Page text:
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Asian Culture and Traditions

"Heritage" is defined as the customs and traditions that are handed down from generation to generation of families and society. A person with Asian heritage is someone whose family originates from Asia. Let's check out some Asian traditions.

Asian Holidays

Chinese New Year

Despite the name, Chinese New Year is actually celebrated in a lot of countries. The 2004 Chinese New Year is the Year of the Monkey and is celebrated on January 22nd. It celebrates the first day of the Chinese Lunar Calendar and is the most important yearly festival for the Chinese. Each year is named after one of the 12 animals of the Chinese Zodiac.

Ching Ming Festival

This Chinese holiday, celebrated on April 5th, is the Ching Ming Festival (aka Qingming Festival.) Ching, in Chinese, means pure or clean and Ming means brightness. Most people call this holiday grave-sweeping day because people head to the cemetery to clean graves.

Holi

Holi is a spring festival that is celebrated throughout India. For two days, people party it by dropping powdered colors from the rooftops, drench each other with balloons filled with colored water and have huge feasts. This festival is held to celebrate the defeat of the mythical creature, Holika. Holi starts off with a big bonfire to help clear the leaves and twigs of the autumn that has just past.

Asian Traditions and Culture

  • Buddhism: While there are as as many religions in Asia as there are anywhere else, Buddhism is one of the predominant ones. Buddhism was established in northern India about 2500 years ago in response to the life and teachings of Gautama Siddhartha who was given the title "Buddha" or "awakened-one."
  • Dim Sum: A traditional Chinese meal that consists of lots of small dishes of a bunch of different kinds of foods, including steamed or fried dumplings.
  • Tea: Tea plays a major role in Asian culture - whether it's in China, India or Malaysia - tea ceremonies, in their various forms, are a major part of most Asian cultures.
  • Origami: Origami is the art of folding paper. While it is quite popular in Japan, it is believed to have originated in China in the first century AD. One of the most popular origami shapes is the crane. The crane is thought to be a sacred animal in Japan and legend has it that if you fold 1,000 paper cranes, your wish will come true.
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How Important is Your Culture?

  • Culture doesn't matter to me.
  • My culture means everything to me.
  • Sometimes it matters to me - like at holidays.
  • I don't know.

Random In The Forums

unicornsrule626
"angelover4" wrote:in my opinion when ur at a younger age like 7 8  9 or 10.....youd like homeschooling better but wn u start getting older up into ur teen yrs I think public or private school is better cuz it gives u more of a social life. And its just better that way. because I've been homeschooled since 3rd grade and I'm in 8th grade now,  I have a very small social life. I have done stuff like dance and cheerleading but still, I only have one good friend (actually she is AWESOME!)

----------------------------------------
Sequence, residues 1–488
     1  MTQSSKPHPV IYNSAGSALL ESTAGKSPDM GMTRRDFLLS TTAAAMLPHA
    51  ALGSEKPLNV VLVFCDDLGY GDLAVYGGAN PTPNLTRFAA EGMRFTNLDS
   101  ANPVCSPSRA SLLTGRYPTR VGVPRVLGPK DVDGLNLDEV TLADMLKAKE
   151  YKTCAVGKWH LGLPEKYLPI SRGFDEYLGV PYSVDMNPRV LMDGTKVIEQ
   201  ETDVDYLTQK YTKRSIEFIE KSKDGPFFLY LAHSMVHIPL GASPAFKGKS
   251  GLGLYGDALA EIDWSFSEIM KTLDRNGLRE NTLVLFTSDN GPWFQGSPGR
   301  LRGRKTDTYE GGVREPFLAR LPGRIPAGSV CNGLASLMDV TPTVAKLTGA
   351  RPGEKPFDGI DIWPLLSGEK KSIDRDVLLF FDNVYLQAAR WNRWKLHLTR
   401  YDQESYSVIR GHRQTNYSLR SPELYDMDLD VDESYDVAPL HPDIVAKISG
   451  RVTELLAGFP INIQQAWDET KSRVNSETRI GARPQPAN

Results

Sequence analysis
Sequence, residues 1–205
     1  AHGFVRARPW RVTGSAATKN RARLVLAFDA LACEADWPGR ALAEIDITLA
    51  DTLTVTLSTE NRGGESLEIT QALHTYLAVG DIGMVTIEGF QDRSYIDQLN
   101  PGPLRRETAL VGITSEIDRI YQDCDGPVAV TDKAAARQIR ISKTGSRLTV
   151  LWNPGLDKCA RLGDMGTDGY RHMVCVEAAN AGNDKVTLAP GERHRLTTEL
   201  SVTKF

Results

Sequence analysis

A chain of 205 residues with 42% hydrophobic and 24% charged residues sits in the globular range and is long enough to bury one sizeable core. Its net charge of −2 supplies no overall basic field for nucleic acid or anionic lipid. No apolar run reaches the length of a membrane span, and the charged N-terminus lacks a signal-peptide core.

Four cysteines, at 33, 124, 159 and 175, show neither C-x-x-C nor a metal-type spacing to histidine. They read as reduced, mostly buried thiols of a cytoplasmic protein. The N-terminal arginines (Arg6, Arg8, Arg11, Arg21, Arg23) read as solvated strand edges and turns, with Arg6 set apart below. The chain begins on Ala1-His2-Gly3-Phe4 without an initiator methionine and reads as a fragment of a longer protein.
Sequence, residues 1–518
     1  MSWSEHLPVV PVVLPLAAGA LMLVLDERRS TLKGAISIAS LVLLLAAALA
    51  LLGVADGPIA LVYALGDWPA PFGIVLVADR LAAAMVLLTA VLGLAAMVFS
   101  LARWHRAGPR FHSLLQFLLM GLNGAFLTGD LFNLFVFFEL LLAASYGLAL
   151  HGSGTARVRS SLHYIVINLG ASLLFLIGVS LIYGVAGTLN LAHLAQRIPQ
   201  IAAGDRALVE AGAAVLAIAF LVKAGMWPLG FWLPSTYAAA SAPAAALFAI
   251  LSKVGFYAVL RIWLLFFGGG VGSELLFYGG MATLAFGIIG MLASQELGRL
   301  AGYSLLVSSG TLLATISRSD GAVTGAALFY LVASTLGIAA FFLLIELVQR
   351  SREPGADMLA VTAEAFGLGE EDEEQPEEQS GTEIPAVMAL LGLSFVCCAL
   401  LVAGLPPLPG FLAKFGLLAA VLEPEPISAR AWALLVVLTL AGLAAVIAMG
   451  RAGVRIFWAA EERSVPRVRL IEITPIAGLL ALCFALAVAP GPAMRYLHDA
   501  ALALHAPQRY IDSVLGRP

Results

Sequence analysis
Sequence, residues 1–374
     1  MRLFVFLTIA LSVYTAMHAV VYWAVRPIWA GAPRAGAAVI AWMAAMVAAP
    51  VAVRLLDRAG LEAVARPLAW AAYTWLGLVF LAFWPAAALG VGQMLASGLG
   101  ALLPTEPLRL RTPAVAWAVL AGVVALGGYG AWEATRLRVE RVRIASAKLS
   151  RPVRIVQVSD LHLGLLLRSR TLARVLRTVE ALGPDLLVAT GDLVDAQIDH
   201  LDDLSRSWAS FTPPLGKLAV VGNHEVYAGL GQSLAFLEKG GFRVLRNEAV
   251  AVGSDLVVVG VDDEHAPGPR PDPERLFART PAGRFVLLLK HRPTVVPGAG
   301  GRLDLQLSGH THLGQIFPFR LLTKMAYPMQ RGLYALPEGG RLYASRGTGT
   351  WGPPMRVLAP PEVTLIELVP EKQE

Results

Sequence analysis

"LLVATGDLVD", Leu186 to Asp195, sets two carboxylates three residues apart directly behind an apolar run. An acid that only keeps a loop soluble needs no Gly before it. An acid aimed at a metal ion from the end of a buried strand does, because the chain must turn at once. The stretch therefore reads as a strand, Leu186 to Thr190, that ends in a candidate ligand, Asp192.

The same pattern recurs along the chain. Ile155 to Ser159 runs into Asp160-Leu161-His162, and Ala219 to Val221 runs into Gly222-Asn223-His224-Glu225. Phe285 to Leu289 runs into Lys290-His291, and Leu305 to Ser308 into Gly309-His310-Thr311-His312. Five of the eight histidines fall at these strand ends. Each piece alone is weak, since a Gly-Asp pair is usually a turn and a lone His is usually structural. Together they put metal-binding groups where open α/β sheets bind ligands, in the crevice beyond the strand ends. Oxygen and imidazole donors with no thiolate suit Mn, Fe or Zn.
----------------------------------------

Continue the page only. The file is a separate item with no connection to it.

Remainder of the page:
reply about 8 hours
unicornsrule626
"rainbowpoptart" wrote:It depends on the person. Homeschooling may be better for this guy, but public school may be better for that one. Overall, neither is "better" than the other. They both have their ups and downs, coming from someone who has [technically] done both.All of the problems, of course, can be fixed. I'll use the two most common complaints I hear as examples.Homeschooling doesn't give you enough social interaction with real life people? Go outside. Ask your local school if you can participate in any extracurriculars.You don't think the curriculum in public school is flexible enough for you, but you don't want to convert to homeschooling? There are plenty of educational books, videos, and websites that are easily accessible online or from the library (seriously, Khan Academy and Crash Course saved my life, bless those men). nice! I have asked my local school but they refused because I'm not vaccinated (we don't believe in vaccines) but NY is one of the strictest  states for homeschool. we are moving and I might be able to go to high school but I could always stick with homeschool. With the social side, i have lots a lot of my social skills so now I'm really shy but i can work and fix that
reply about 8 hours
MarshmallowHeart
I'm 17, I joined Kidz World when I was 12! in just 3 months I'll be 18
reply about 8 hours
rainbowpoptart
It depends on the person. Homeschooling may be better for this guy, but public school may be better for that one. Overall, neither is "better" than the other. They both have their ups and downs, coming from someone who has [technically] done both. All of the problems, of course, can be fixed. I'll use the two most common complaints I hear as examples. Homeschooling doesn't give you enough social interaction with real life people? Go outside. Ask your local school if you can participate in any extracurriculars. You don't think the curriculum in public school is flexible enough for you, but you don't want to convert to homeschooling? There are plenty of educational books, videos, and websites that are easily accessible online or from the library (seriously, Khan Academy and Crash Course saved my life, bless those men).
reply about 8 hours
PunMaster
PunMaster posted in Say Anything:
("wow.. Maybe I can help you some time." PunMaster offered) he landed on a rock below, and Paperjam was about twenty ahead of him. "Great Job! Now let's go!" 
reply about 9 hours